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Why You Need More Sleep-And How to Get It

02-19-2016

Why You Need More Sleep—And How to Get It

When you think about sleep deprivation, what comes to mind? Pulling all-nighters in college? Parents with a new baby? It might surprise you to learn that a third of Americans are getting insufficient sleep every night. On the other hand, if you’ve ever battled insomnia, suffered sleep apnea or simply felt too busy/stressed to go to bed on time, it may not surprise you at all. Modern lifestyles—non-stop schedules, digital distractions—can make it very difficult to get adequate rest.

You may function on insufficient sleep for a while, but late nights will eventually catch up to you. Think of it this way: sleep is the foundation of good health. If your foundation is crumbling or shaky, everything else is at risk. According to the CDC, people experiencing chronic sleep insufficiency are more likely to suffer from chronic diseases such as hypertension, diabetes, depression and obesity, as well as from cancer, increased mortality and reduced productivity.

Sleep also affects your daily life: how clearly you think, how well you remember and how equipped you are to fight off sickness. Sleep is designed to restore and repair your body; many critical functions depend on sleep to perform, including immunity, cognition, weight control, hormone balance and memory. If sleep has been last on your priority list, it’s time to move it to the top. Your health depends on it! The following tips may help you sleep more and better, but if you are struggling to get adequate rest, talk to your doctor.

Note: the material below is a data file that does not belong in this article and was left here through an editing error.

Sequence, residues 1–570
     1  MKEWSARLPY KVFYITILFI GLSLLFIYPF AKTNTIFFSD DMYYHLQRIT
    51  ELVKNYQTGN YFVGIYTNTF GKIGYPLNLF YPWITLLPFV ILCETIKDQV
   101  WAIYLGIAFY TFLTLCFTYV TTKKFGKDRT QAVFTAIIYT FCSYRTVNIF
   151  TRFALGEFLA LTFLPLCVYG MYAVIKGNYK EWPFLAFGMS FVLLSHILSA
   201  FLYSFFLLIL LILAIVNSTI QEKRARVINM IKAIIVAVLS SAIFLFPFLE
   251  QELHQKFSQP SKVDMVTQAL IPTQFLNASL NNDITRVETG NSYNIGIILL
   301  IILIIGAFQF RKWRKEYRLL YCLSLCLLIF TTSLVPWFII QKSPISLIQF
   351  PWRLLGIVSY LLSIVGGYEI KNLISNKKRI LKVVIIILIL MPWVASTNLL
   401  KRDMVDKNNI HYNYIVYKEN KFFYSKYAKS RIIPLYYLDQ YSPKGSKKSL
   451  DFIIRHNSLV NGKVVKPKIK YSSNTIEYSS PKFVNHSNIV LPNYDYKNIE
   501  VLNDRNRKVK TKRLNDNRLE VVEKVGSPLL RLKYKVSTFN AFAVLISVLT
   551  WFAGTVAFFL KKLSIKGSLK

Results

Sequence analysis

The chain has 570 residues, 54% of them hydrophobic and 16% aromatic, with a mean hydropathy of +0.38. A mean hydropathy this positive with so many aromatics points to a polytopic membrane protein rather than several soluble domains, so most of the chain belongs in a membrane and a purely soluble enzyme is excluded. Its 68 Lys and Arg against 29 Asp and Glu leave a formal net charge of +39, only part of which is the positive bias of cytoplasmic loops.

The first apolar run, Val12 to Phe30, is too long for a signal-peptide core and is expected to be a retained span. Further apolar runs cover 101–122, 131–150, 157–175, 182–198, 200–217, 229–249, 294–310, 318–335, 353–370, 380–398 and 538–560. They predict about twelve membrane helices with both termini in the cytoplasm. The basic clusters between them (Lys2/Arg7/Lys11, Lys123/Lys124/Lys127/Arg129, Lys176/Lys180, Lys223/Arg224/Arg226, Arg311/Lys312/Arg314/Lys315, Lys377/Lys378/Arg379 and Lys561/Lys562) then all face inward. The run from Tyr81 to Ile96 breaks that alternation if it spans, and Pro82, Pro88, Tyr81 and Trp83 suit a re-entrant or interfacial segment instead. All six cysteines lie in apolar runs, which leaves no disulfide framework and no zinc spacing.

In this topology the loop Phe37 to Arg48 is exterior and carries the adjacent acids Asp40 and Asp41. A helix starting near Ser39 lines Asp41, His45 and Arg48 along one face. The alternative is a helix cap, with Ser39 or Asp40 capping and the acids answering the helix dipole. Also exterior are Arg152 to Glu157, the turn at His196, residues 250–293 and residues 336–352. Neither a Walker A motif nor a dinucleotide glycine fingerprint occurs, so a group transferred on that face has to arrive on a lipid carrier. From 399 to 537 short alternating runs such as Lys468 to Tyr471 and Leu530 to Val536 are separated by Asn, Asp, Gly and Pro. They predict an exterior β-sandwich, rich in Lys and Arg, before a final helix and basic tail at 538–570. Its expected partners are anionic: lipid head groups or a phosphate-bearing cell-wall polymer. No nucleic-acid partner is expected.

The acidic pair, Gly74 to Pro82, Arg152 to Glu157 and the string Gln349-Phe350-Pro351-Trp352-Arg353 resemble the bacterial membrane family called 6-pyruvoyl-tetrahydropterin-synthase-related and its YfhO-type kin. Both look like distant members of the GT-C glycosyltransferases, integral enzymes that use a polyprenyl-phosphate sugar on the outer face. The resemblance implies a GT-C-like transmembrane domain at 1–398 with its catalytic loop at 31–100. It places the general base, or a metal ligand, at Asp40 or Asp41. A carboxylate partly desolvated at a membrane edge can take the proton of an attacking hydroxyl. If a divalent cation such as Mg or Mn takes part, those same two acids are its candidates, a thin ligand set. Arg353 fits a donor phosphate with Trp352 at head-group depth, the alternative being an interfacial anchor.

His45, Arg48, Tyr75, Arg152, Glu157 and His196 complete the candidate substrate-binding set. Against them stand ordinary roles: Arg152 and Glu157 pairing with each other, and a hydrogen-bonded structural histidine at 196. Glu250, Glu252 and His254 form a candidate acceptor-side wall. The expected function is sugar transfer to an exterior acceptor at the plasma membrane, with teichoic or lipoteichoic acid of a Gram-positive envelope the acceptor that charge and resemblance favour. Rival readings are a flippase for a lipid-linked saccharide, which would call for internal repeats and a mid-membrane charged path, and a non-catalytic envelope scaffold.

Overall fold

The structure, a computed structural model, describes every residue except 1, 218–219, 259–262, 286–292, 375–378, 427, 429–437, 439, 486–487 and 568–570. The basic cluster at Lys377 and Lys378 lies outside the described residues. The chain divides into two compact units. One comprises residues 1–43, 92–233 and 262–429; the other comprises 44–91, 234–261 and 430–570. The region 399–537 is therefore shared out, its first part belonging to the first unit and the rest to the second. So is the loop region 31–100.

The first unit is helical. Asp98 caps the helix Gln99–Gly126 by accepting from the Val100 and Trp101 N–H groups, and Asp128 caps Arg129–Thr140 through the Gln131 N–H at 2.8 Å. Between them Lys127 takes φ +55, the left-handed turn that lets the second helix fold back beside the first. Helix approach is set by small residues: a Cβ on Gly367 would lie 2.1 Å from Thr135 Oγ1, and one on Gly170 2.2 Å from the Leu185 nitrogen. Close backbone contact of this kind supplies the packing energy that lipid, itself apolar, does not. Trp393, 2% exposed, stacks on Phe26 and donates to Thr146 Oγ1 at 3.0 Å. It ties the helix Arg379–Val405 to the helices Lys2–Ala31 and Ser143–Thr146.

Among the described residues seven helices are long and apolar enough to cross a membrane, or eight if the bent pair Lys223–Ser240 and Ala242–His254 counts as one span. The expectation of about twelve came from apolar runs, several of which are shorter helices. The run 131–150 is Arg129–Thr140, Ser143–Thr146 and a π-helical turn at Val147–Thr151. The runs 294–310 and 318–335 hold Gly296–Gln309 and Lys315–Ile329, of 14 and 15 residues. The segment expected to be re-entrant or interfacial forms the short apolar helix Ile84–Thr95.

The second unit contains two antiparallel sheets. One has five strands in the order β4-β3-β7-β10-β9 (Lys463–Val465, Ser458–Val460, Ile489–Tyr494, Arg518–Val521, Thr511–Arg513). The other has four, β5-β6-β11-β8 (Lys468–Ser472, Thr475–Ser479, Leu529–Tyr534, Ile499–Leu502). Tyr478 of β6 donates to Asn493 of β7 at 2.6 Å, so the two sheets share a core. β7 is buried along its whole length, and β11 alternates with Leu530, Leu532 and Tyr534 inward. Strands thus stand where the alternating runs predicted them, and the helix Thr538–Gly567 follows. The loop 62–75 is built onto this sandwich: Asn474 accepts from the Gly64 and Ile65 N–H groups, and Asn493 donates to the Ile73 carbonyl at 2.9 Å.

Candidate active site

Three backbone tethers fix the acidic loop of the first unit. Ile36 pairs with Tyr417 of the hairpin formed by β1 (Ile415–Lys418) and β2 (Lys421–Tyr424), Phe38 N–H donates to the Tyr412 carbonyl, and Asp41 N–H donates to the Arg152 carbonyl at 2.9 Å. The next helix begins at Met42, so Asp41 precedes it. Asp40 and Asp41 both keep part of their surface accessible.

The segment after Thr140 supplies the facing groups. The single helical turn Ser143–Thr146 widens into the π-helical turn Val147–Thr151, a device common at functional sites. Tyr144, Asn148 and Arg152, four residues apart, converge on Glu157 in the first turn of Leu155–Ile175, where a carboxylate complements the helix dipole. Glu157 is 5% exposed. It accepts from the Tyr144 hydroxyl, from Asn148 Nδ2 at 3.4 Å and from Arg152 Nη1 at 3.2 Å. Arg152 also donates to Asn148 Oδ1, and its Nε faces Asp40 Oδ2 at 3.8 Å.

Reduce your commitments.
On the whole, Americans are over-scheduled, over-committed and, consequently, over-tired. Evaluate your family’s weekly routine: what is absolutely essential? Does your child really need to play two sports at the same time? Do you really have to volunteer for another committee? Reduce your stresses and responsibilities so you’ll have more time at home to relax, go to bed on time and get enough sleep (adults need 7–8 hours every night!).

Create an environment that invites sleep.

It will be easier to fall asleep and sleep deeply if you feel comfortable in your environment. A few simple changes can make a big difference in the quality of your sleep! Start with a quick clutter pick-up—piles of clothes and papers can add to your stress. Use soft, low lighting as night approaches. Lower the thermostat slightly—many people sleep better in a cool room. Burn a lavender candle or diffuse calming lavender oils to help you relax.

Establish a consistent bedtime routine.

Thanks to smartphones, it’s harder than ever to ‘unplug’ before bedtime. But, your body (and your mind!) need the break. For the best sleep, establish a simple, calming, electronic-free routine you can follow every night. Building a consistent “bedtime” pattern signals to your brain that it’s time for sleep. Everyone’s routine is different, but a good routine should include adequate time to wind down, familiar sensory cues and analog activities. Turn the TV off and set your phone aside. Try starting with a cup of chamomile tea or a warm, relaxing bath. You might want to read a book (no work!) for a bit before turning out the lights. Whatever you choose, be sure to do it consistently.